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What Makes Norway's Coffee Culture Unique?

Travelers Today       By    JC Santos

Updated: Feb 27, 2017 03:45 AM EST

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Norway, norwegian coffee, coffee culture norway, norwegian coffee culture

Norway is a nation whose citizens love coffee as much as they love their cold environment and beautiful, scenic habitat. Norwegians commonly practice the art of being one with nature -- including white snow, a beautiful mountain camp or cabin and a cup of Joe in hand. And their coffee is not just plain powdered or brewed -- here, "steeped coffee" prepared over the campfire is the way to go.

The perception of premium connoisseur coffee that belongs to Italy alone is wrongly attributed. The Italians know their coffee, but Norwegians and the rest of the coveted Schengen region do too -- with Finland, Norway and Iceland consuming the most coffee in the country. Indeed, it defeats the "fast-coffee" culture of America.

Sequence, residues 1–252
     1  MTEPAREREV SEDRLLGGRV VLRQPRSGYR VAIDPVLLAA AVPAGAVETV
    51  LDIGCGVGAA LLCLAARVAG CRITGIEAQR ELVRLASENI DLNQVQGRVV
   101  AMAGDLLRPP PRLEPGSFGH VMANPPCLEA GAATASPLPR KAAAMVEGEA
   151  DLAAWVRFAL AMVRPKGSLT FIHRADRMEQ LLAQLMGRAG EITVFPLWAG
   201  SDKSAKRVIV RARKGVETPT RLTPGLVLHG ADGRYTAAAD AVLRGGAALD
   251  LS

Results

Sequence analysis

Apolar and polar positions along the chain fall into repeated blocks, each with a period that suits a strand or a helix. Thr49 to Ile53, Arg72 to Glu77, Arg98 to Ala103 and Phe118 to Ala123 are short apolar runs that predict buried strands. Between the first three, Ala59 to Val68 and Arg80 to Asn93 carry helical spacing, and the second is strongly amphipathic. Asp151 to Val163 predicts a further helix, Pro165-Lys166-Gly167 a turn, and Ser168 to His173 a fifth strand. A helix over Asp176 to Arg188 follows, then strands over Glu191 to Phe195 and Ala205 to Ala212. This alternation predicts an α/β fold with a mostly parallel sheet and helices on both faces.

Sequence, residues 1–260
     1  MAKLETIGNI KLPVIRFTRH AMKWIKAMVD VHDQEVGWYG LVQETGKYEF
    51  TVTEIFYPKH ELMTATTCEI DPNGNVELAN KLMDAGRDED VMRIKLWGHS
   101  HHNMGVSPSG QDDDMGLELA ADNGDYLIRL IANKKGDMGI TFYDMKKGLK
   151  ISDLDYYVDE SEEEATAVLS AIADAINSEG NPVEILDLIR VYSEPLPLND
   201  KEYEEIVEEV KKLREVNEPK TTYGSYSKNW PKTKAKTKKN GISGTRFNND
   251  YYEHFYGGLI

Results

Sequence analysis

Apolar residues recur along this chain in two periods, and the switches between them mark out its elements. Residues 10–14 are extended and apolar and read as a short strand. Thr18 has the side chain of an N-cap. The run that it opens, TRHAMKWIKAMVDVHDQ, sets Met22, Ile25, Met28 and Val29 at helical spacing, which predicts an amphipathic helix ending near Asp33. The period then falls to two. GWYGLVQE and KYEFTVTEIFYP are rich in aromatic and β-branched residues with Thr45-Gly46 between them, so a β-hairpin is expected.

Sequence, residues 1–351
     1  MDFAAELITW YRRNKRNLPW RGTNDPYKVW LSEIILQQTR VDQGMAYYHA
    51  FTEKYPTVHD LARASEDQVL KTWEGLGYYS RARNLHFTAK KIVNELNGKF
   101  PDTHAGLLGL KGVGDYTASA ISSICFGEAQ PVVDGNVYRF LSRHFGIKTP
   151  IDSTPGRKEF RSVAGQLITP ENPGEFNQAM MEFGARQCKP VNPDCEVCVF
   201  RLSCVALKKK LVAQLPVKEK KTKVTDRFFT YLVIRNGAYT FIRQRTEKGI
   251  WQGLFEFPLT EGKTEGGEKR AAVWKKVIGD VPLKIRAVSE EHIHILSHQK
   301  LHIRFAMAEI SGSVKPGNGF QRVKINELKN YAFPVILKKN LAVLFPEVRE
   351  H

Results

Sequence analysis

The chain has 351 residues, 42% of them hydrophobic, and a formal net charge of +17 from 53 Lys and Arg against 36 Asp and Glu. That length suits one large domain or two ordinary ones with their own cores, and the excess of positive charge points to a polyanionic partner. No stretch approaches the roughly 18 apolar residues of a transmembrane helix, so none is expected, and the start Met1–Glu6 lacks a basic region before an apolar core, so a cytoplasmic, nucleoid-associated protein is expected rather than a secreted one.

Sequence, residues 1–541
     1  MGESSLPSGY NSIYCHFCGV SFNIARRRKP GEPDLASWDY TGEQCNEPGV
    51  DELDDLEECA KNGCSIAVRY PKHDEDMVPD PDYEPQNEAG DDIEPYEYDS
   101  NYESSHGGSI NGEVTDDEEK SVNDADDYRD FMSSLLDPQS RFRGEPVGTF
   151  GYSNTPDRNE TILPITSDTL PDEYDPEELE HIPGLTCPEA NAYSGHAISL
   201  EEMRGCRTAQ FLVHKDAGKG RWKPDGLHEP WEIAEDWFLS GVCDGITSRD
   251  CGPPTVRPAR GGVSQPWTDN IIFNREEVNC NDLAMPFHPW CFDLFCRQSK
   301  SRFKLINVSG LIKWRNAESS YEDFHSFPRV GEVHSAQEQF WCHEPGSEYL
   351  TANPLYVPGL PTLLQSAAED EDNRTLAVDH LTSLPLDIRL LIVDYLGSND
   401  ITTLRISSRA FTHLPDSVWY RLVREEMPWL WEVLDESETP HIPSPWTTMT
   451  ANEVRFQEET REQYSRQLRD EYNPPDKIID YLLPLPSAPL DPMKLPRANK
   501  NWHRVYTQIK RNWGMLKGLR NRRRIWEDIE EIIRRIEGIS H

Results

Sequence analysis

Norway's coffee preparation differs from America and Europe's methods, which greatly affects the taste of their coffee. The Nordic Coffee Culture Blog -- discussing in its four-part post the history of Norwegian coffee making and consumption -- it was the English and Scottish who first brought coffee to the shores of a Norwegian town known as Kristiansund, which transformed it into a "coffee town."

The "coffee town" even has its own Nordmore Museum telling the story of Norway's coffe and even has replicas of original roasting machines that make Norwegian coffee what it is -- a tangy black yet fruity delight. Italy has espressos and lattes, but Norway wants it prepared over a campfire and roasted differently.

Norway's coffee culture borderlines into obsession -- and this stems from Norwegian coffee's history. A huge taxation on alcohol during the 19th century-- appallingly the most popular morning drink for most Norwegians -- had increasingly led people to find another stimulant in the morning -- in the form of coffee.

CNN Travel highlights highlights the coffee shop of Norwegian Champion Barista Tim Wendelboe, the 2004 World Barista Champion and 2005 World Cup Tasting Champion aside from the other coffee shops tourists and coffee aficionados in Norway could visit. As a showcase of modern Norwegian coffee making, Wendelboe's expertise has him "naturally protect the quality of his product from farm to cup." Reports from Euromonitor in 2013 indicate that the average Norwegian consumes 7.2 kilograms of coffee per year.

Anyone looking for the best coffee should not just settle for Italy on his or her next travel-- there is Norway and their specialist connoisseur caffeinated delights, which are evidently lovingly prepared and traditionally bound to its history.

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